|Year : 2015 | Volume
| Issue : 2 | Page : 266-267
Neurofibromatosis with chronic myeloid leukemia in an elderly male: An unusual association
Satya Narayan1, Akhil Kapoor1, Narender Kumar1, Mukesh Kumar Singhal1, Neeti Sharma2, Ankur Patel3, Surender Beniwal4
1 Department of Radiation Oncology, Acharya Tulsi Regional Cancer Treatment and Research Institute, Sardar Patel Medical College, Rajasthan, India
2 Department of Radiation Oncology, Acharya Tulsi Regional Cancer Treatment and Research Institute, Rajasthan, India
3 Department of Radiodiagnosis, PBM Hospital, Sardar Patel Medical College, Bikaner, Rajasthan, India
4 Department of Medical Oncology, Acharya Tulsi Regional Cancer Treatment and Research Institute, Rajasthan, India
|Date of Web Publication||9-Mar-2015|
Department of Radiation Oncology, Acharya Tulsi Regional Cancer Treatment and Research Institute, Bikaner, Rajasthan
Source of Support: None, Conflict of Interest: None
Neurofibromatosis is a genetic disorder of neural crest-derived cells that predominantly affect growth and development of neural tissues. We report a case of 64-year-old patient, had several soft tissue cutaneous nodules (neurofibroma) on the body including the face, head, and neck, extremities and multiple hyperpigmented macules on trunk and back (Café-au-lait pigmentation), who was accidentally diagnosed as chronic myeloid leukemia, on routine investigation for surgical management. He did not have any systemic manifestation either of diseases.
Keywords: Chronic myeloid leukemia, imatinib, neurofibromatosis, Philadelphia chromosome
|How to cite this article:|
Narayan S, Kapoor A, Kumar N, Singhal MK, Sharma N, Patel A, Beniwal S. Neurofibromatosis with chronic myeloid leukemia in an elderly male: An unusual association. Clin Cancer Investig J 2015;4:266-7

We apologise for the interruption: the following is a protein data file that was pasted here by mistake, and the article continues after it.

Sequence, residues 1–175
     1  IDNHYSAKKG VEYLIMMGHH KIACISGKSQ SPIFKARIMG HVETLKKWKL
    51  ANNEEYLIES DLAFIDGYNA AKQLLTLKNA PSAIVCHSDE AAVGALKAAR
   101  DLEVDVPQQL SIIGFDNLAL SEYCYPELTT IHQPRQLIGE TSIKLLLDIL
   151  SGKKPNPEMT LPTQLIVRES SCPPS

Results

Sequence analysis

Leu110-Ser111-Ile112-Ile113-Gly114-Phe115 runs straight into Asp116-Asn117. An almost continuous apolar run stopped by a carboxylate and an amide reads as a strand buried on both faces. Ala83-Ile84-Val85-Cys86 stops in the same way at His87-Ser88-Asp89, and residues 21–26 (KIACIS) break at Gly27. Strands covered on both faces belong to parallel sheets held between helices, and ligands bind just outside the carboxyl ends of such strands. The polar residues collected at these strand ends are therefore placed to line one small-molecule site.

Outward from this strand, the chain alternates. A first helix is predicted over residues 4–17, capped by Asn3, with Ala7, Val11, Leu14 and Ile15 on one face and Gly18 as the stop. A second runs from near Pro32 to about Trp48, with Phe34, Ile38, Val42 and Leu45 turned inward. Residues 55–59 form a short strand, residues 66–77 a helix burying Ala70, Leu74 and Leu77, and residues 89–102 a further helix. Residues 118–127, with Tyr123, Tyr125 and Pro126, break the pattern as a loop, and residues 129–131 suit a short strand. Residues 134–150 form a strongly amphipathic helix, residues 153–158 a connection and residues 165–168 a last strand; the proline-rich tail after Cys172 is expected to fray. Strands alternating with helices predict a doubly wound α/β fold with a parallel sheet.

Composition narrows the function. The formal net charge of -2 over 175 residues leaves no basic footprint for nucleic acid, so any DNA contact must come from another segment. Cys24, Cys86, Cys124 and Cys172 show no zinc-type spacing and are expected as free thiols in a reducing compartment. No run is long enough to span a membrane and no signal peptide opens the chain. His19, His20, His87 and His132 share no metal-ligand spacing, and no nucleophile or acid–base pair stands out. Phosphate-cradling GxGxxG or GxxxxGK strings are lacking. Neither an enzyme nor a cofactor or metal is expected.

|How to cite this URL:|
Narayan S, Kapoor A, Kumar N, Singhal MK, Sharma N, Patel A, Beniwal S. Neurofibromatosis with chronic myeloid leukemia in an elderly male: An unusual association. Clin Cancer Investig J [serial online] 2015 [cited 2020 Feb 21];4:266-7. Available from: http://www.ccij-online.org/text.asp?2015/4/2/266/148966
| Introduction|| |
Neurofibromatosis 1 (NF1) is an autosomal dominant progressive neurocuteneous disorder caused by a wide variety of mutations that affect the NF1 gene located at 17q11.2 chromosome. NF1 has one of the foremost rates of spontaneous mutation among genetic disorder in humans. The association of NF1 and chronic myeloid leukemia (CML) in adult age group is rarely encountered in clinical practice. Bader and Miller.  Reported an increased magnitude of nonlymphocytic leukemia among children with NF1 and leukemia. The overall risk of cancer malignancies in NF1 is 2.7-fold increased then general population. Stiller et al.  Conducted a population-based study, found an increased relative risk of chronic myelomonocytic leukemia, acute lymphoblastic leukemia, and non-Hodgkin's lymphoma in the NF1 population. The association between germ-line mutations of NF1 and hematologic malignancies has been established. 
| Case report|| |